registrant is authorized to engage in under that category
and, giving consideration to the nature of the referral, the
activities that the registrant is not permitted to engage in,
» if the referral is made to a registrant, a statement that
all activity requiring registration will be provided by the
registrant receiving the referral, and
» any other information that a reasonable client would
consider important in evaluating the referral arrangement.
The Rules are straightforward and logical. Not surprisingly,
the primary thrust of the Rules is disclosure aimed at putting the
referred client in a position to assess the inherent conflict of interest.
What does the registrant have to do?
Beyond entering into a written agreement, recording fees,
making the disclosure described above and monitoring compliance
with the Rules, the obligations of an EMD in a referral arrangement
also depend on whether it is receiving or referring. The biggest
difference in this regard is the obligation of the EMD to consider what
the other party is doing.
(a) Where the registrant is making the referral
Section 13.09 of NI 31-103 provides that when the EMD is
the referring party, it must take reasonable steps to satisfy itself
that the receiving party has the appropriate qualifications to
provide the services and, if applicable, is registered to provide
those services. In considering the qualifications of the receiving
party, a referring EMD must assess whether the receiving party is
required to be registered under applicable securities legislation.
(b) Where the registrant is receiving the referral
There is no corresponding obligation when the registrant is
the receiving party. It is not the registrant’s responsibility under
the Rules to determine whether the party making the referral is
registered under securities legislation or required to be registered.
That might lead one to conclude that the Canadian Securities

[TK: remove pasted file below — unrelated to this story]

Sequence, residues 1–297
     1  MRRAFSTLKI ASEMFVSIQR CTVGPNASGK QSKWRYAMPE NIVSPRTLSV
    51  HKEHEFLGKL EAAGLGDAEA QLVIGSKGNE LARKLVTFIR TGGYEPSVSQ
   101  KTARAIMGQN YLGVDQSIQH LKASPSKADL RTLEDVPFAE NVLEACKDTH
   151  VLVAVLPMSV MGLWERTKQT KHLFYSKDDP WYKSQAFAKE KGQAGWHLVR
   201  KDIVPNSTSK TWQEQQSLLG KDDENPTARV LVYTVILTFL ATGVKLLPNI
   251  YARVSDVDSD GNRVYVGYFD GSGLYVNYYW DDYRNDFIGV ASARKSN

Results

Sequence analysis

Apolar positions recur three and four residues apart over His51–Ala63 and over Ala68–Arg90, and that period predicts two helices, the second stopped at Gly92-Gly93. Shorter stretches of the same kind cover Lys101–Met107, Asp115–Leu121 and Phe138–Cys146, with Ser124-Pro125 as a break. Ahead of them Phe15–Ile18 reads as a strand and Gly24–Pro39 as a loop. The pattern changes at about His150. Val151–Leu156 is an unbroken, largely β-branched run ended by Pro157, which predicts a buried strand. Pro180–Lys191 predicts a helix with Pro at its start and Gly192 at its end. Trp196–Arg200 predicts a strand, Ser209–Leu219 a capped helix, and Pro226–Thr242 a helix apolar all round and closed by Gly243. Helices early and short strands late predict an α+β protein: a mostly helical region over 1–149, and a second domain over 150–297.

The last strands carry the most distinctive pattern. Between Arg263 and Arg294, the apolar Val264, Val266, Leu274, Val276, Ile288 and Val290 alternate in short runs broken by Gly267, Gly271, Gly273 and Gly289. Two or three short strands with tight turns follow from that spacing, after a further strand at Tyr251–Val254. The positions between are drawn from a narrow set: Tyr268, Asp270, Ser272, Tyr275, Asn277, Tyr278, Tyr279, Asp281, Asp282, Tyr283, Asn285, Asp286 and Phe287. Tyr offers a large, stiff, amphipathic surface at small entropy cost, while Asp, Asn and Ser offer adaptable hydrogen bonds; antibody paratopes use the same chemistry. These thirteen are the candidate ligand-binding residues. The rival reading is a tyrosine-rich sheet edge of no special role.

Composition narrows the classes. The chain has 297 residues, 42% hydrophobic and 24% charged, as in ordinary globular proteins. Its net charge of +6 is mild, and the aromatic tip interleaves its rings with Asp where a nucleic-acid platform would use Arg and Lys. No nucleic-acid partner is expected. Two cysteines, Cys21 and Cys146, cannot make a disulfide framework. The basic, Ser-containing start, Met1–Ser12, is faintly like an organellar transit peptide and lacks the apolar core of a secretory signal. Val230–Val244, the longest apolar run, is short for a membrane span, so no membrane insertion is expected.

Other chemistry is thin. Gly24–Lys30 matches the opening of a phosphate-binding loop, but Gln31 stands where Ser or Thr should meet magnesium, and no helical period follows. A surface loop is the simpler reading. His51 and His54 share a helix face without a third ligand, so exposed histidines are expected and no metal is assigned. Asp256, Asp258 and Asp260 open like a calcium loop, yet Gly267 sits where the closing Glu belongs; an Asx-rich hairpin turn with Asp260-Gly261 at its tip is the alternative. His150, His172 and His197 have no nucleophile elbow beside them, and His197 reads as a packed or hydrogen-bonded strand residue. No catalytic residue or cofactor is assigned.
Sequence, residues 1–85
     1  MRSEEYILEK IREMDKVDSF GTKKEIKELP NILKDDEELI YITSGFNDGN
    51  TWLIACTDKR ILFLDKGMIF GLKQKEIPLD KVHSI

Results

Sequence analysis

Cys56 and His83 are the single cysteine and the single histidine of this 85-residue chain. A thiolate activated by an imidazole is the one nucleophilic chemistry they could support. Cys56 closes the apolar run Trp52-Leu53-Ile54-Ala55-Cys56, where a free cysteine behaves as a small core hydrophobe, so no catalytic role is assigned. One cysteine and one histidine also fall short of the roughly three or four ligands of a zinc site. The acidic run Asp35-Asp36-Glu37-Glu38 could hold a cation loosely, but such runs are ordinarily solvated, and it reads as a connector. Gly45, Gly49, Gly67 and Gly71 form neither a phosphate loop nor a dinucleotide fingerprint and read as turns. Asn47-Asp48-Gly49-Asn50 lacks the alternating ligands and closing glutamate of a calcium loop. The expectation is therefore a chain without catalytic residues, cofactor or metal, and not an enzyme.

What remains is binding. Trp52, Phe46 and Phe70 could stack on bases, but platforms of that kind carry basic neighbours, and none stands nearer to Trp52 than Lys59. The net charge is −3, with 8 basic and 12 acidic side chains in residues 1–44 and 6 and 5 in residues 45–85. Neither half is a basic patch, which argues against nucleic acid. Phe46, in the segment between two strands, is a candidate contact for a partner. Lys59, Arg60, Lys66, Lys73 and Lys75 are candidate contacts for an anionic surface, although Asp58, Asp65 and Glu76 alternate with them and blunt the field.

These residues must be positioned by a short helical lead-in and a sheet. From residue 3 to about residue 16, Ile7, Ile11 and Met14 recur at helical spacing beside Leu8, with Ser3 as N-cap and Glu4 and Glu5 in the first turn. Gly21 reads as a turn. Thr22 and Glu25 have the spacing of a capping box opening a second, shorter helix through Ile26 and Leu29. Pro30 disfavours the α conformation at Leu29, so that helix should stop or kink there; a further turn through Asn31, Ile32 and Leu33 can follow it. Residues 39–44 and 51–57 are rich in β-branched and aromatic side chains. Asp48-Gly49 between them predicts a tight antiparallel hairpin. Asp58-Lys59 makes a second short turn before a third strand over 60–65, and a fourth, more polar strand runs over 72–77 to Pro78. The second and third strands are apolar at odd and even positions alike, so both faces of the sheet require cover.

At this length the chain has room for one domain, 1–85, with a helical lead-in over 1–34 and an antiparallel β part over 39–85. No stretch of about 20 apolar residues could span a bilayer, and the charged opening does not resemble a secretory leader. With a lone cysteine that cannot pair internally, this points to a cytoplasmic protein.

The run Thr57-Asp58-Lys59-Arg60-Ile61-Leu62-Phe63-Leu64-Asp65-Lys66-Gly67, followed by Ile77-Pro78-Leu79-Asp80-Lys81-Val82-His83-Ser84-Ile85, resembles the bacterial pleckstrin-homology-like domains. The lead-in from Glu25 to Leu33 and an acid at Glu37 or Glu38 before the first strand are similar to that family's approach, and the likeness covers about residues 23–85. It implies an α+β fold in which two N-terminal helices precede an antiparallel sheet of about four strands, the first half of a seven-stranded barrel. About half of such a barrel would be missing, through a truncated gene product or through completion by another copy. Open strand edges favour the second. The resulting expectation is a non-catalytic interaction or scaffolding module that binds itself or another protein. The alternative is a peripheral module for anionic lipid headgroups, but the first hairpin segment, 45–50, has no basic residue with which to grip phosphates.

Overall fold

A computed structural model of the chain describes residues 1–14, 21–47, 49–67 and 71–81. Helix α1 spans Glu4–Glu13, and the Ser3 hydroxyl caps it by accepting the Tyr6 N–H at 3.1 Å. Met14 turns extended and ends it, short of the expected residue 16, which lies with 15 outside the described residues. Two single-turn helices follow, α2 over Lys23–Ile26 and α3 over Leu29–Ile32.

Administrators (CSA) are content when the receiving party is
registered. That conclusion is logical because the receiving
registrant is going to do all of the things required of it by law, such
as know-your-client, suitability, etc. The safeguards created in the
registration system are available to the referred client when the
receiving party is a registrant.
While there is no positive obligation to consider the referring
party’s registration status, there may be an issue for an EMD
where the party making referrals to the EMD is not registered,
depending on the circumstances.
When does an unregistered referring party need to be
As in all cases, the requirement to be registered is driven by
the activities of the person in question. The logical progression
runs like this:
• start with the requirement that you can’t engage in the
business of trading in securities unless you are registered as
• consider how broadly the term “trading” is defined, particularly
the broad concept of “acts in furtherance of a trade”;
• consider how broadly these concepts have been applied by
the CSA and Canadian courts;
• consider the scope of the CSA’s commentary on the “business
trigger” in Part 1 “Definitions and Fundamental Concepts” in
the Companion Policy to NI 31-103 (31-103CP).
The first point expressed in 31-103CP under Division 3
“Referral Arrangements” is this:
“Regulators want to ensure that under any referral arrangements,
individuals and firms that engage in registerable activities are
The way the law stands, and the way the regulatory and judicial
interpretation and application of the law is heading, the scope
of activity that triggers registration is becoming quite broad. In
the specific context of referral arrangements, where we know the
activities of the referring party are, to some extent, proximate to
trading activity, there should be heightened concern that referring
parties may need to be registered.
Of course, not all referring parties are required to be registered
and each case will turn on its facts. But it stands to reason
that the broad reach of the registration requirement will catch
some unregistered referring parties. Participation in a referral
arrangement, even one conducted in full compliance with the
Rules, is not an exemption from registration for a referring party.
The mere fact that a registrant is receiving the referral does not
validate the activities of the referring party or alter the application
of the registration requirement.
How is that my problem?
Let’s consider a situation where the activities of a particular
referring party trigger a requirement to be registered and the party
is not registered. Assuming you are the receiving EMD, you might
ask “How is this my problem?”